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Or, a coffee bar.

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According to Webster’s dictionary fellowship is:

a community of interest, activity, feeling, or experience; meaningful communication for building trust and fellowship

While this definition could be used for activities not related to church, we usually do not hear the secular world using this term.  When was the last time your coworkers invited you to join them after work at the local bar or restaurant so you could have “fellowship?”  When was the last time your boss offered a fellowship meal for the employees?

In the church world, we love this word.  But what do we really mean when we use this word?  What does the Bible mean when it uses this word?

The Greek word used in the Bible  for fellowship is “koinonia.”  It is usually translated in English to “communion,” “fellowship,” “sharing in common” and “partake.”  The Apostle John wrote a lot of fellowship in his epistle 1 John.  After recently doing a study on that book, I have come to believe we use the word “fellowship” too often and too lightly.  As I read what John had to say about this word, I realize that Biblical fellowship is more than just an informal social gathering.  It is more than just sharing an interest or having meaningful communication with others.

In the New Testament this word for fellowship is translated many different ways.  Its first appearance is in Acts 2:42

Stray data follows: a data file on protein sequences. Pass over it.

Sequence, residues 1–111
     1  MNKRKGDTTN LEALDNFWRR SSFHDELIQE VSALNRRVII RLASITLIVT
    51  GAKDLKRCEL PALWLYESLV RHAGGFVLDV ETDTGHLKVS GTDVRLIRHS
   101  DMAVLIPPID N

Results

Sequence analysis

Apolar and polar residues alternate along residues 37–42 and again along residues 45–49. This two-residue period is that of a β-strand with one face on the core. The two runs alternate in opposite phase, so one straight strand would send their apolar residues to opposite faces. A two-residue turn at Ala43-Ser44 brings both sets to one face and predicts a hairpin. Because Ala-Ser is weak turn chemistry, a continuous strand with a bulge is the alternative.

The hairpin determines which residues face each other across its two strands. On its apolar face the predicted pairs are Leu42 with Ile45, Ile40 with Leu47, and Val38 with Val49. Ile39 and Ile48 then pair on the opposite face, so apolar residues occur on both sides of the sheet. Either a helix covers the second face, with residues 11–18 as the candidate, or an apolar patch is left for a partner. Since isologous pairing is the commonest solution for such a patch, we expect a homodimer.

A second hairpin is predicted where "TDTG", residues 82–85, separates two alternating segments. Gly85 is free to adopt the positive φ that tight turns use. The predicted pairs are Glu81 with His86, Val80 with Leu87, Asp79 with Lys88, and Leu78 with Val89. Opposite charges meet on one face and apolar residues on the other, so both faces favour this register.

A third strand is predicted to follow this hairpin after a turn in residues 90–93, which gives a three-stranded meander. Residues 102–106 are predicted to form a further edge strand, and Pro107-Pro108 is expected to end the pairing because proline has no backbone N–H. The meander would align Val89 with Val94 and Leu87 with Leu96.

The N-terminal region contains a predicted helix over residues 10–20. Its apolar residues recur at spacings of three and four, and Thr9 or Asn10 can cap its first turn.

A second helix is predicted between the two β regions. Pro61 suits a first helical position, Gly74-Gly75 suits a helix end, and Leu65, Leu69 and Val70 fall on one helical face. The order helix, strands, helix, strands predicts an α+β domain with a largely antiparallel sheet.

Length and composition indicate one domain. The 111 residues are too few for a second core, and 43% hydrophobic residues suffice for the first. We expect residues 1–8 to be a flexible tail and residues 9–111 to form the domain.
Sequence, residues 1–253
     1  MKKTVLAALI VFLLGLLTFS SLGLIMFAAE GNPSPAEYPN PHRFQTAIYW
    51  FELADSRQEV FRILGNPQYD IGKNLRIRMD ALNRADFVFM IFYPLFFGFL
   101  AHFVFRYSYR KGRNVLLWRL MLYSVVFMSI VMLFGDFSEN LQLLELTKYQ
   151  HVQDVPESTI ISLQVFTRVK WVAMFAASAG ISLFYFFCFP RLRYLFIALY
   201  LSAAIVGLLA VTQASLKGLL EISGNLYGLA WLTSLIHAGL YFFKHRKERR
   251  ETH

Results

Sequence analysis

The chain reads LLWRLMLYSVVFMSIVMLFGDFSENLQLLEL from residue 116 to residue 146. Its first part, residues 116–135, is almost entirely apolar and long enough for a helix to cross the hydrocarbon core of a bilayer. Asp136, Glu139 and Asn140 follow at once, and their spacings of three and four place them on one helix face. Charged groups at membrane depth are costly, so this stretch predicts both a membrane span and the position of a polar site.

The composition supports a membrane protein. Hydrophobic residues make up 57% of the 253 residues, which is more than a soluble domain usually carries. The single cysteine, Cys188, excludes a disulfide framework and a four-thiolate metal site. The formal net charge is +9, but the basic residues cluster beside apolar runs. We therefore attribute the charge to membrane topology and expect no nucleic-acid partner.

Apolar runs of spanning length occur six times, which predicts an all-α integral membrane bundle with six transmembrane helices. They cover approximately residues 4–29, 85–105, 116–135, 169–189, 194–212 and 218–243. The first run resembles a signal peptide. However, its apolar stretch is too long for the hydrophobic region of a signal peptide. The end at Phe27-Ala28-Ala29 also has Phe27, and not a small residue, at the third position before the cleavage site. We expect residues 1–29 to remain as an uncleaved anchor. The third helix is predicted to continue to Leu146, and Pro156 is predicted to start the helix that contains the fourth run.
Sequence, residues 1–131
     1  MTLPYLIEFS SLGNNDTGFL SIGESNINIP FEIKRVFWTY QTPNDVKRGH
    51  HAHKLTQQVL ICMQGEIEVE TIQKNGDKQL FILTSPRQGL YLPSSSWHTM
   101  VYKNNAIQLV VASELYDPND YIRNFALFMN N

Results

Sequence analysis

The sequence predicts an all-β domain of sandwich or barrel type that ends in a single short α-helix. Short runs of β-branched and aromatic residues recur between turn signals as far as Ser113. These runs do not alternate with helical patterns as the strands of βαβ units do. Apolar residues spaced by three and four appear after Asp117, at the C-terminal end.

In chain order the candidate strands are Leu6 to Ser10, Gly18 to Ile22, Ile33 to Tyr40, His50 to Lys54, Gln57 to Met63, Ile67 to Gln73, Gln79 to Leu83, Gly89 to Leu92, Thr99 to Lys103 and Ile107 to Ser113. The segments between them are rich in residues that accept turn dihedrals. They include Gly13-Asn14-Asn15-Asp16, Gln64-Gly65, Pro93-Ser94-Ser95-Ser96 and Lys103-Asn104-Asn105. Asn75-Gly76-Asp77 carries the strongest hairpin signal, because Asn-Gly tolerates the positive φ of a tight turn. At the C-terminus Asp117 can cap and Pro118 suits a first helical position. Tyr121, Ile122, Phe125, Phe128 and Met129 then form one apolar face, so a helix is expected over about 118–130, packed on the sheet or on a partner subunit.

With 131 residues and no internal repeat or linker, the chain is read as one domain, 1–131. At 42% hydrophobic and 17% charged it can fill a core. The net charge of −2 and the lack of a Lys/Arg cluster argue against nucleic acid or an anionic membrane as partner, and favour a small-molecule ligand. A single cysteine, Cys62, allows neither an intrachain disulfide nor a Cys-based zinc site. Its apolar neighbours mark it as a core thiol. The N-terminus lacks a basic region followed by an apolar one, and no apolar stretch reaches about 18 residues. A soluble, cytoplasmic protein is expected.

And they devoted themselves to the apostles’ teaching and the fellowship (koinonia), to the breaking of bread and the prayers.

In his letter to the church at Corinth the Apostle Paul used the word in a slightly different way.

They will glorify God because of your submission flowing from your confession of the gospel of Christ, and the generosity of your contribution (koinonia) for them and for all others.

Then when Paul wrote to the church at Philippi he again used this word with a slightly different meaning.

That I may know him and the power of his resurrection, and may share (koinonia) his sufferings, becoming like him in his death

Just as we lose some of the meaning of the word “love” when it is translated from Greek to English, I think we have lost some of the true sense the word “fellowship” carries.  Looking at just these three scriptures it appears what the Bible means by “fellowship” involves a relationship between God and other believers.  A relationship that is more than friendly words spoken over a common meal.  It involves identifying with the sufferings of Christ (and of others).  It is real participation in the lives of others rather than just an association with them.

We proclaim to you what we have seen and heard, so that you also may have fellowship with us. And our fellowship is with the Father and with his Son, Jesus Christ